Jeez, I dunno. They must be right about the direction. A lot of this stuff adds way more value then we pay for it (especially when it’s free!). But assigning magnitudes has got be largely hand wavy, and deciding that those magnitudes have grown—remember, they’ve got to prove not just mismeasurement, but increased mismeasurement—tends to invoke another layer of speculation.
It must also be the case that some technology makes life worse, i.e. that deteriorating quality adjustments would raise the prices of phone menus, robocalls, air travel. Are the national accounts accurately reflecting the efforts, costs, and downtime lost to fighting against computer viruses? Weirdly, economists virtually never consider that side of the equation. Some hand-waving is inevitable here but I worry about unidirectional hand-waving.
Economist Sue Houseman has also shown a way in which increased imports are leading to an upward bias in our productivity measures. Increased outsourcing of goods and labor lowers the cost, and thus increases the quantity, of intermediate goods in manufacturing, but again, due to anomalies in our accounting systems, we don’t pick up this cost decline. So we’re undercounting what goes into producing goods and thus overestimating output. Again, tricky, I know. But the point is there’s a tendency to just look around for stuff that biases output and productivity down, when some biases go the other way. As the dollar has gained considerable strength in recent months, imports are likely to accelerate, intensifying this bias.
All told, I believe the mismeasurement story but doubt it is of a large enough magnitude to change the fundamental productivity slowdown story. In a bit of my own hand waving, I suspect trend productivity growth is closer to 1.5 percent per year than to 1 percent. That’s still a problem.
Do worry. It’s misallocation of productive capital.
It’s hard to know what drives productivity trends up and down, but I’ve got a couple of theories. Investment in productive capital is a known driver of productivity growth, and its slower growth rate in recent years shows up as one reason for the slowdown. But that just begs the question: why the slowdown in investment? (My other theory is that there’s a full employment productivity multiplier—full employment drives firms facing higher labor costs to find efficiencies they otherwise didn’t need to maintain profits. I won’t get into that here but it suggests what I believe to be an important linkage between productivity growth and persistently weak labor demand.)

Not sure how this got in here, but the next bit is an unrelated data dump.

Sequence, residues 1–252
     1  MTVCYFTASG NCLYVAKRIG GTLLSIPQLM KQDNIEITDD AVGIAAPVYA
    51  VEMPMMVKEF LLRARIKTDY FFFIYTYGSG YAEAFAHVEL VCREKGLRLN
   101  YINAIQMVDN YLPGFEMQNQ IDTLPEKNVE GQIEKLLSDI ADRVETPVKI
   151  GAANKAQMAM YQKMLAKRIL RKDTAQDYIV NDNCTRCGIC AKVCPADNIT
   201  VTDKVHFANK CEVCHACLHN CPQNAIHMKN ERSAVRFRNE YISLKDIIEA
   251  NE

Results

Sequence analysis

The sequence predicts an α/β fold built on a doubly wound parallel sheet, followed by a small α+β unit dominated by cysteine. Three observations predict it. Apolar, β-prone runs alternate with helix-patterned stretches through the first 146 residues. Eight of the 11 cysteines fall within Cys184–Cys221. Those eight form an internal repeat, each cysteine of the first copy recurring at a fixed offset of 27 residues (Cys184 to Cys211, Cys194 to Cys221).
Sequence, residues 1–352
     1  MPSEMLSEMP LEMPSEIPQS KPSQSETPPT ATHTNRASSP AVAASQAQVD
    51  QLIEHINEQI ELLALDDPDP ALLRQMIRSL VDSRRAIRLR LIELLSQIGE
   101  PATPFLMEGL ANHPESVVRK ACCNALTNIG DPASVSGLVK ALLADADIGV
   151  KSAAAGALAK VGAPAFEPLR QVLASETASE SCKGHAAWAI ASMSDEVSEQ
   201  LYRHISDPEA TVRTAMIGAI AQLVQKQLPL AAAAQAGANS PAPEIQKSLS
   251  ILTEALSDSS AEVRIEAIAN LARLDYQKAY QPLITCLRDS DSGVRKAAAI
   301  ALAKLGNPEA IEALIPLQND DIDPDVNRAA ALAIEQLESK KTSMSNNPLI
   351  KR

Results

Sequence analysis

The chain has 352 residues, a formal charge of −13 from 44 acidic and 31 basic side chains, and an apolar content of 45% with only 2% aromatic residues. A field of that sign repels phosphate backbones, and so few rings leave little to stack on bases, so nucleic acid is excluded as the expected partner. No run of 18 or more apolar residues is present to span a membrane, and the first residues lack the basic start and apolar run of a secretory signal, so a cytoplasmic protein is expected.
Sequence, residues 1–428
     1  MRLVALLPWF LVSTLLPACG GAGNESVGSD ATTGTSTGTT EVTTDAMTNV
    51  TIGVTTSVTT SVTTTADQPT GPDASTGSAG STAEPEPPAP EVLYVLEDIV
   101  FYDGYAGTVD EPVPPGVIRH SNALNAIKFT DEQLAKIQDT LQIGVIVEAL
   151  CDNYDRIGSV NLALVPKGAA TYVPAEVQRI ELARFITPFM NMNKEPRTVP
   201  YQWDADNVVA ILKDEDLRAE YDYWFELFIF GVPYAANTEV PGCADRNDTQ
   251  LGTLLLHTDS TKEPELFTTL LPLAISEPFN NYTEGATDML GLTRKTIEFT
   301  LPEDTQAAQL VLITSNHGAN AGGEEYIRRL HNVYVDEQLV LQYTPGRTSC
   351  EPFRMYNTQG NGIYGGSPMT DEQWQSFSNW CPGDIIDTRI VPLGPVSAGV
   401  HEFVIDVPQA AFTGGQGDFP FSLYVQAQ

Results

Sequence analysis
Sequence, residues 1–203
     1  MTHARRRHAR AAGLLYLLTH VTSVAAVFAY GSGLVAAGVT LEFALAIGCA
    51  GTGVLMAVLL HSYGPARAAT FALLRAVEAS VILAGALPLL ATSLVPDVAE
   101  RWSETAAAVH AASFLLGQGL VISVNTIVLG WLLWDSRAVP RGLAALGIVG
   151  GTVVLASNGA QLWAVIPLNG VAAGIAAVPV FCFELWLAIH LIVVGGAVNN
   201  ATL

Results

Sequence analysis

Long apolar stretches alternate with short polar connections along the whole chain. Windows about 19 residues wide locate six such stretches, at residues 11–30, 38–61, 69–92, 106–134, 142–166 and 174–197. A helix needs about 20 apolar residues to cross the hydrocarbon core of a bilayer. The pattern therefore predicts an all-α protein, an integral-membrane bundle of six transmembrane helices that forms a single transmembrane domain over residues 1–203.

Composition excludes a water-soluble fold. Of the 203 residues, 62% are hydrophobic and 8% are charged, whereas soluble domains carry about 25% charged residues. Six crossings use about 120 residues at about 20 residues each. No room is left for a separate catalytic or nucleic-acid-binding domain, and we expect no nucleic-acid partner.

In fact, after accounting for measurement issues, our productivity problem may be less a slowdown than a misallocation. If you want to see what deeply damaging misallocation looks like, and be entertained by it (really!), go see The Big Short. Surely the (d)evolution of finance and its contribution to some pretty awful economic outcomes in recent years is diverting investment into non-productive sectors and activities. By devoting an increasingly significant share of GDP to non-productive finance, we become…um…less productive. Note that I am not suggesting that the level of investment is too low, though investment as a share of GDP is not quite yet back to pre-recession levels. This is an argument about it’s composition.
Some important new research ties this to another problem I tend to go on about: our large, persistent trade imbalances. These must be financed, and the capital flows can engender the “financial resource curse,” which links access to cheap foreign capital to slower productivity growth: “sustained current-account deficits driven by cheap access to foreign capital can produce a shift of productive resources toward non-tradable sectors such as construction [ahem…JB]. The resulting allocation of resources can hinder the development of a dynamic export sector and dampen long-run competitiveness, since the scope for productivity gains in the non-tradable sectors is relatively limited.”
This research emphasizes international capital flows, but especially in under-regulated financial markets, it’s not obvious to me that cheap capital needs to flow from abroad. Once inept (and wrongly incented) credit-rating agencies label dangerous junk as triple-A-grade securities, domestic investment—e.g. large pension funds—can slosh into unproductive sectors as well.
I find this research compelling. The conventional assumption is that flows that boost “I” (investment in the GDP equation) are always and everywhere pro-growth. This more dynamic approach to analyzing the more nuanced impact and even the content of capital flows (investments in some assets are more benign than others) may help to develop a more realistic understanding of what’s driving productivity growth down in nations across the globe.
But wait. Didn’t the under-regulated-finance-inflated housing bubble implosion occur years ago? Yep. But such misallocation, I’m guessing (to be clear: a lot of this is new, unproven thinking), takes years to shake out, especially when it involves leverage, shadow banks, bailouts, and all the rest. “Extend and pretend”—where banks convince themselves that non-performing loans would soon come back to life—draws out the rebalancing cycle a lot more than “mark-to-market,” like when your equities in pet rocks fall to zero from Monday to Wednesday.
Much more to be said here. This theory invokes the need for more careful oversight of the financial sector and capital flows. It once again reminds us that Panglossian assumptions of optimal capital allocation magically guided by the invisible hand are bunk. In this case, the invisible hand may be all thumbs.
It invokes the need for the public sector to invest what’s needed in productive public goods, as misallocation/financialization steers resources away such critical investments. I’ll write more soon on these implications. But for now, the key idea is to give the mismeasurement evidence its due, without overdoing it. More important, I think, is to focus on the negative productivity effects of misallocated capital and what can be done about it.